The Art of Caribs
THE GREAT CARIBBEAN SEA HAS ALWAYS BEEN AN IMPORTANT REFERENCE IN THE LIFE OF ISLANDERS THAT HAVE LIVED ON THE ANTILLES BELT OVER THE CENTURIES
Its first agro-potter settlers, the Igneris –insular Arawaks–, left their mark in white and red on earthenware, thus representing the sea, its waters, waves, fish, hurricanes, myths and cosmology.
Pictography has preserved those first illustrations, as well as painted vessels, sculpted stones and finely carved woods.
Afterwards, Teodoro de Bry's first engravings, regarding the conquest, show that indomitable and wild sea, around myths and chimeras.
The fact is that island artists have tended to painting their sea, unlike such world-famous figures as Goya, Velazquez, Durero, Rembrand, Miguel Angel and Leonardo da Vinci, who never included sea in their artworks.
Sea painter artists, landscape painters of the water in the Caribbean Sea have been in love with their sea, dreamlike dawns and sunsets, they have witnessed pro-independence heroic deeds in naval history, famous shipwrecks or the dreams and ideals of the Republic's Founding Father, Juan Pablo Duarte.
Painting the sea has never been an easy task and artists are required to show great technical mastery. Transparences, patinas, lights and shadows, perspectives and proportions, are some of the difficulties to transmit the dramatic quality demanded to “let the sea get into the painting” as the main subject of the creation.
The sea, our Caribbean Sea, is temperamental, vigorous, dynamic, quiet with northerly winds, wild and treacherously prone to hurricanes, always a challenge for those who dare to paint it, since the demands are numerous.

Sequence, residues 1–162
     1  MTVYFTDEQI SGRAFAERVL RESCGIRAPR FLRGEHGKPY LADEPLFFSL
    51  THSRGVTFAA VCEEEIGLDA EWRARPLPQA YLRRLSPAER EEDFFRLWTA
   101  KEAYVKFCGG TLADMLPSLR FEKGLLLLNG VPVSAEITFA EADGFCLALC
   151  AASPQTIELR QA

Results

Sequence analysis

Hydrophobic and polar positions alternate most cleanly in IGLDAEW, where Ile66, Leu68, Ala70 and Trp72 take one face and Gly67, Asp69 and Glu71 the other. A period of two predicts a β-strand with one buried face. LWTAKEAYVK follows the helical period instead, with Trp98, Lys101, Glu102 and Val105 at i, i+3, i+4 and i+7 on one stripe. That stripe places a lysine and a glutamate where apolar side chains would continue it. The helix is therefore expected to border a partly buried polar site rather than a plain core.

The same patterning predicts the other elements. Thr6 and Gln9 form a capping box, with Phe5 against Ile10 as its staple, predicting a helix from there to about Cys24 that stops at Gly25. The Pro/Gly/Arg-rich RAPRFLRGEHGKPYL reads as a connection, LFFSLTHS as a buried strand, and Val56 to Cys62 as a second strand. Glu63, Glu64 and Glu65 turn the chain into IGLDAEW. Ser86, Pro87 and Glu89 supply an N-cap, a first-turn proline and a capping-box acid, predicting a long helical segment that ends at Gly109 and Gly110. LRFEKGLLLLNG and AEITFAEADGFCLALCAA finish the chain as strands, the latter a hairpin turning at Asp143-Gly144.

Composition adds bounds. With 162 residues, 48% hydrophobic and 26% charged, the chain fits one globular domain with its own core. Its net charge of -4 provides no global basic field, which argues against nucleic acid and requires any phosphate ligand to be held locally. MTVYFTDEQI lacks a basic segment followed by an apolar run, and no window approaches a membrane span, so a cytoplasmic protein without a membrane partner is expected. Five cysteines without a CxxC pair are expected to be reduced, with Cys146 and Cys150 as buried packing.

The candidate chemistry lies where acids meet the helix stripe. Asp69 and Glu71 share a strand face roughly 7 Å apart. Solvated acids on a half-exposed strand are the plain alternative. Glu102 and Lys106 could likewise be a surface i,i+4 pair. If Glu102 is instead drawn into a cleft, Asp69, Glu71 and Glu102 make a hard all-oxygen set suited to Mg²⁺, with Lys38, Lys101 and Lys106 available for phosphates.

As for drawing, not many dare to reflect its history as lines drown surrounded by live waves or feel the pain when colliding with reefs.
Sea painting has been properly cultivated by some of our best Dominican painting masters: Luis Dessangles, Abelardo Piñeiro, Joseph Gausachs, George Hausdorf, Clara Ledesma, Ada Balcacer, Fernando Peña Defillo, Guillo Perez, Yoryi Morel, Jose Garcia Cordero, Jose Cesteros, Fermin Ceballos, among others.
The sea as a pictorial subject, inspiration theme, must be assessed in depth, since its origins, by studying the gorgeous strokes of Igneris vessels, pictography marks in caves and their mythical/religious language, complex labyrinthine figures on rocks or finely carved woods.
In an island environment with a long and sinuous profile, with beautiful bays, quiet coves and picture-perfect beaches, the art of sea or pictorial sea painting makes us recall that map of Admiral of Ocean Sea, known as “the scratch”, where precise lines mark the outlines of Mount of Christ and stamps a Templar cross on it.
There is no similarity among the artist that sails and paints, those island Arawak or Carib sailors that used to cross the wide sea on their canoes with over 70 rowers in order to reflect their gods and believes, and modern creators that have sea as another reference in the landscape of a composition.
The Caribbean Sea, on this magical island, has been, is and will be a model for painters, sculptors, engravers and drawers, whether it is quiet or wild.
“They went to take Yaya's pumpkin, where her son Yayael was, who had become fish, and none
of them dared to touch it except for Deminan Caracaracol, who took it down and they stuffed themselves with fish. While they were eating, they felt that Yaya was coming and tried to hang the pumpkin back, but they didn't do it correctly so it fell to the ground and broke. They say that there was so much water coming out of the pumpkin, it flooded the land and countless fish swam away; that is said to be the origin of the sea.” Fray Ramon Pane, Chronicler of the Indies
“Marina”, Josep Gausachs.